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Wedding Facts & Trivia

Here are 50 wedding facts to ponder as you plan your big day.


  1. Hey, brides, tuck a sugar cube into your glove -- according to Greek culture, the sugar will sweeten your union.
  2. The English  believe a spider found in a wedding dress means good luck. Yikes!
  3. In English tradition, Wednesday is considered the "best day" to marry, although Monday is for wealth and Tuesday is for health.
  4. The groom  carries the bride across the threshold to bravely protect her from evil spirits lurking below.
  5. Saturday is  the unluckiest wedding day, according to English folklore. Funny -- it's  the most popular day of the week to marry!
  6. Ancient Romans studied pig entrails to determine the luckiest time to marry.
  7. Rain on your wedding day is actually considered good luck, according to Hindu tradition!
  8. For good luck, Egyptian women pinch the bride on her wedding day. Ouch!
  9. Middle Eastern brides paint henna on their hands and feet to protect themselves from  the evil eye.
  10. Peas are thrown at Czech newlyweds instead of rice.
  11. A Swedish  bride puts a silver coin from her father and a gold coin from her mother  in each shoe to ensure that she'll never do without.
  12. A Finnish  bride traditionally went door-to-door collecting gifts in a pillowcase, accompanied by an older married man who represented long  marriage.
  13. Moroccan women take a milk bath to purify themselves before their wedding ceremony.
  14. In Holland, a  pine tree is planted outside the newlyweds' home as a symbol of fertility and luck.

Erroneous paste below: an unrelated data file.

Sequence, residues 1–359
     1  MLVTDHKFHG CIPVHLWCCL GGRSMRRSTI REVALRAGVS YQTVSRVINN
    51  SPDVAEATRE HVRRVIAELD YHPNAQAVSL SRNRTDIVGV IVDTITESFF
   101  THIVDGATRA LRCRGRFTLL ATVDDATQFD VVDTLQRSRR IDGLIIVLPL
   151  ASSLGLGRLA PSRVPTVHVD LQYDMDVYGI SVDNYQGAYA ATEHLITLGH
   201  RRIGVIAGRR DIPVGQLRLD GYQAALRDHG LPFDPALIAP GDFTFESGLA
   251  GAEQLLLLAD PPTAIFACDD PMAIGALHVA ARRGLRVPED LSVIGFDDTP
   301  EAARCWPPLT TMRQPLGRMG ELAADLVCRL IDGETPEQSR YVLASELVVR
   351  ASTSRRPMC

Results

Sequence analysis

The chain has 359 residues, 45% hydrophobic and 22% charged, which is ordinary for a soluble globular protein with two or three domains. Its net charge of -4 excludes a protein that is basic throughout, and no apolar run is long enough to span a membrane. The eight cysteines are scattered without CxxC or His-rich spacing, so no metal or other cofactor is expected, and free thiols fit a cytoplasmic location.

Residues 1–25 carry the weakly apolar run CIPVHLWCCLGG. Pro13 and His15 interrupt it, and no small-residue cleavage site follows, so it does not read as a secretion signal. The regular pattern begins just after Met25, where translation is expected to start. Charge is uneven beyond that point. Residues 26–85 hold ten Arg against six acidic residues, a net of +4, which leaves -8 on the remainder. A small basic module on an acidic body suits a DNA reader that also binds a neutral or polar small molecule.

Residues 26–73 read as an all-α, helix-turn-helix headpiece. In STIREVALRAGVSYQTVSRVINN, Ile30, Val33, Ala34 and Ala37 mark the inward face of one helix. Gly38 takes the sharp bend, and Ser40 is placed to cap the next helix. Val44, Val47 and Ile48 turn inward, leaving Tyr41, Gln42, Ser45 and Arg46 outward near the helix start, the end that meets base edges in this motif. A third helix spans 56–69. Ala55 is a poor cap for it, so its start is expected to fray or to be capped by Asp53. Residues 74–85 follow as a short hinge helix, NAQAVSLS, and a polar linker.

15. Engagement and wedding rings are worn on the fourth finger of the left hand because it  was once thought that a vein in that finger led directly to the  heart.
  16. About 70% of all brides sport the traditional diamond on the fourth finger of their left hand.
  17. Priscilla  Presley's engagement ring was a whopping 3 1/2-carat rock surrounded by a detachable row of smaller diamonds.
  18. Diamonds set in gold or silver became popular as betrothal rings among wealthy  Venetians toward the end of the fifteenth century.
  19. In the symbolic language of jewels, a sapphire in a wedding ring means marital  happiness.
  20. A pearl  engagement ring is said to be bad luck because its shape echoes that of a tear.
  21. One of history's earliest engagement rings was given to Princess Mary, daughter of Henry VIII. She was two years old at the time.
  22. Seventeen tons of gold are made into wedding rings each year in the United  States!
  23. Snake rings  dotted with ruby eyes were popular wedding bands in Victorian England --  the coils winding into a circle symbolized eternity.
  24. Aquamarine represents marital harmony and is said to ensure a long, happy marriage.

  25. Queen Victoria started the Western world's white wedding dress trend in 1840 -- before then, brides simply wore their best dress.
  26. In Asia, wearing robes with embroidered cranes symbolizes fidelity for the length of a marriage.